We are proud to announce that the ICCLab has released Hurtle!

Hurtle logo Hurtle

 

Hurtle is a result of the ICCLab’s Cloud Orchestration Initiative.

What is hurtle?

With Hurtle, you automate the life-cycle management of any number of service instances in the cloud, from deployment of resources all the way to configuration and runtime management (e.g., scaling) of each instance. Our motivation is that software vendors often face questions such as “How can I easily provision and manage new instances of the service I offer for each new customer?”, this is what Hurtle aims to solve.

In short, Hurtle lets you:

offer your software as a service i.e. “hurtle it!”

In Hurtle terms, a service represents an abstract functionality that, in order to be performed, requires a set of resources, such as virtual machines or storage volumes, and an orchestrator which describes what has to be done at each step of a service lifecycle.
A “service instance” is the concrete instantiation of a service functionality with its associated set of concrete resources and service endpoints.

On top of this, Hurtle has been designed since its inception to support service composition, so that you can design complex services by (recursively!) composing simple ones.

Hurtle’s functionality revolves around the idea of services as distributed systems composed of multiple sub-applications, so the services offered are also ones that can be designed with the cloud in mind, based on the cloud-native application research of the ICCLab.

What does it mean to offer software as a service?

A bit of history first. Traditionally software has been ran locally, then was centralised and shared through intra-nets. All of this was still on company-specific infrastructure. This made hosting, provisioning and managing such software difficult and the full time job of many IT engineers and system administrators.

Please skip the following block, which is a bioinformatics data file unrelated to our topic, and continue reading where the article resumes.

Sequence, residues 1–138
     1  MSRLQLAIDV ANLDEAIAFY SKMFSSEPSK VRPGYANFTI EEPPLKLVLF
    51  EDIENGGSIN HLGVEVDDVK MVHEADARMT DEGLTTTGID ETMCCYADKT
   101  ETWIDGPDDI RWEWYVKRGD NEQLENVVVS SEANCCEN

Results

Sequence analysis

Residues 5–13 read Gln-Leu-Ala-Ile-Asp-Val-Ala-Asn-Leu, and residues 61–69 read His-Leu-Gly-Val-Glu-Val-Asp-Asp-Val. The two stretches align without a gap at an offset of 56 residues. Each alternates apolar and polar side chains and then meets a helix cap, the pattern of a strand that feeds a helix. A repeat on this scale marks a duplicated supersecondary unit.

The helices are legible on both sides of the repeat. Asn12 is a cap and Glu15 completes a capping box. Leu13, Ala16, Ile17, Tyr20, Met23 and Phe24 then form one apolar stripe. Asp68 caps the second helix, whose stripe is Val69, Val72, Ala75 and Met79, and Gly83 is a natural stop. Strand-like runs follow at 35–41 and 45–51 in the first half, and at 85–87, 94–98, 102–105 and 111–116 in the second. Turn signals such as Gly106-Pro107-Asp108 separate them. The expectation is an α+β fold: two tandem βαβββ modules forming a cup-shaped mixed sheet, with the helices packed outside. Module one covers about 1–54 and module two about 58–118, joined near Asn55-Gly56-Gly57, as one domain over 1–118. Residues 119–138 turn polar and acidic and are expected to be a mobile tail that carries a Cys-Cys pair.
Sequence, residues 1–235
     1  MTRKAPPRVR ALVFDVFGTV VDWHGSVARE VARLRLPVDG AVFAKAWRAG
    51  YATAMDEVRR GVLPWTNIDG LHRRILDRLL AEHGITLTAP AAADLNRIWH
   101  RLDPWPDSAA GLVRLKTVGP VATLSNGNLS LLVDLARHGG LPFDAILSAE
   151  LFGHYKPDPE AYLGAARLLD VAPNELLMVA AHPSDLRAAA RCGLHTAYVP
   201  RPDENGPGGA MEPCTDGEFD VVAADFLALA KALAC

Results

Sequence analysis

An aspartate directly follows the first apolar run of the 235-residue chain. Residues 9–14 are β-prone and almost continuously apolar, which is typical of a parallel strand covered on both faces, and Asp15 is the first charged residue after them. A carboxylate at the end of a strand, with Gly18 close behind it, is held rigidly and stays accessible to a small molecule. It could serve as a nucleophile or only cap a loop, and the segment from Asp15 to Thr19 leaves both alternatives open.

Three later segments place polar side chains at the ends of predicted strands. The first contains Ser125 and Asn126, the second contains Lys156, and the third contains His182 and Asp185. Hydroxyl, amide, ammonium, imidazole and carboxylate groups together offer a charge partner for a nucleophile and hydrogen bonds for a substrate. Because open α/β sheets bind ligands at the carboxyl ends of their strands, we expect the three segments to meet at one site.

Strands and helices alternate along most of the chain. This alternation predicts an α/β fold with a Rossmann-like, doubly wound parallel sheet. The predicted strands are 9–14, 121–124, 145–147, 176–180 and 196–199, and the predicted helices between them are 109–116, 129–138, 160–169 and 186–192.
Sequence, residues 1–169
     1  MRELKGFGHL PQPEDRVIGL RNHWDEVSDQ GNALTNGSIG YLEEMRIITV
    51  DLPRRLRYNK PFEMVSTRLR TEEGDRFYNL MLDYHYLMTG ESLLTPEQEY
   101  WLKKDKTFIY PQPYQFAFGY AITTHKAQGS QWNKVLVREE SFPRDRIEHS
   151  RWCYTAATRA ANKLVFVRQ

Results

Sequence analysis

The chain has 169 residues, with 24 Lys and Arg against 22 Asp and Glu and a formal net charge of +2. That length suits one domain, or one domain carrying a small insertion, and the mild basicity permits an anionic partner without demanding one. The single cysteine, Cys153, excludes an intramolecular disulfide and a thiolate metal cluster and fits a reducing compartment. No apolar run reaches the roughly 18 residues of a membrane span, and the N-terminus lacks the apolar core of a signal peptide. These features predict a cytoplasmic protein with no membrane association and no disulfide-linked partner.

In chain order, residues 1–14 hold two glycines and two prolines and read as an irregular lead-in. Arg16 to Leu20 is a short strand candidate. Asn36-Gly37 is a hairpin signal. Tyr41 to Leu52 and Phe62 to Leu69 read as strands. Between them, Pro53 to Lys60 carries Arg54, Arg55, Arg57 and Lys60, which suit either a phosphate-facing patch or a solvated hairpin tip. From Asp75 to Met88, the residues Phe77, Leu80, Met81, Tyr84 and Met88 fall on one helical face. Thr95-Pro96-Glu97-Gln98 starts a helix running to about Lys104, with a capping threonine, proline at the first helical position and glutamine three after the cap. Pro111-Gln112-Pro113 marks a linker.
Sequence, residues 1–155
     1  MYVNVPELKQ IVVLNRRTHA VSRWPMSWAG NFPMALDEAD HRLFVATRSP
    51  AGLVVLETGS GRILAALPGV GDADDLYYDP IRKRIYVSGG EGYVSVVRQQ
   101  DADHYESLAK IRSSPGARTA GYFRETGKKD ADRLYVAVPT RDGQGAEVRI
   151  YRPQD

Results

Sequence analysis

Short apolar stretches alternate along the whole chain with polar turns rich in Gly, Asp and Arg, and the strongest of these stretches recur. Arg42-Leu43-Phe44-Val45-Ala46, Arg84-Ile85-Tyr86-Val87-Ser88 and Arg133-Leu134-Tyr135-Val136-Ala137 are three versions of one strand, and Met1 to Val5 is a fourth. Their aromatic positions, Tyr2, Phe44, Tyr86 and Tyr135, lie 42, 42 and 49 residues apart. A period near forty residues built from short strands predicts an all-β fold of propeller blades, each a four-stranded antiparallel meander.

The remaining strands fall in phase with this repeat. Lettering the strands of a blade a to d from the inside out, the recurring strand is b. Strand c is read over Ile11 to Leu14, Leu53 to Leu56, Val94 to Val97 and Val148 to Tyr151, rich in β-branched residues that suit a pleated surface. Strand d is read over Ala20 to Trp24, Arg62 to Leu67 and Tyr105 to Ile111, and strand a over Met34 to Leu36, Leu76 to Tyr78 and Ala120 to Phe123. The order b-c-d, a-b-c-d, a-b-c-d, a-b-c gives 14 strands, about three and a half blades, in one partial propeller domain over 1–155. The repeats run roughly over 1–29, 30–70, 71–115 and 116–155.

This quickly brought about the argument that IT in a SME or an enterprise was a cost centre that should be minimised and lead to outsourcing of such tasks to 3rd parties.

Now today with the ever growing acceptance and use of cloud computing the cost equation is again further reduced, but more interestingly, cloud computing reverses the trend of outsourcing operations to third parties if you consider the movement of devops.

In this new world organisations that create software don’t want nor need third parties to manage their software deployments. They have much of the tooling needed, developed in-house. If they don’t, yet still want to follow a devops approach they’ve quite an amount of work ahead of them.

It is in this scenario where hurtle can help!

What can hurtle do?

What will hurtle do?

  • More examples including the cloud native Zurmo implementation from ICCLab
  • Enhanced workload placement, dynamic policy-based
  • Support for docker-registry deployed containers
  • Runtime updates to service and resource topologies
  • CI and CD support
    • safe monitored dynamic service updates
  • TOSCA support
  • Support for VMware and CloudStack
  • User interface to visualise resource and services relationships
  • Additional external service endpoint protocol support

Want to know more?

Checkout: hurtle.it

4th Open Cloud Day – Highlights

ocd3The 4th Open Cloud Day, which we co-organised with The Swiss Open Users Group (/ch/open), took place earlier this week. The event held a gathering of about 120 participants, from industry and academia together. There were in total 17 talks and 3 workshop sessions.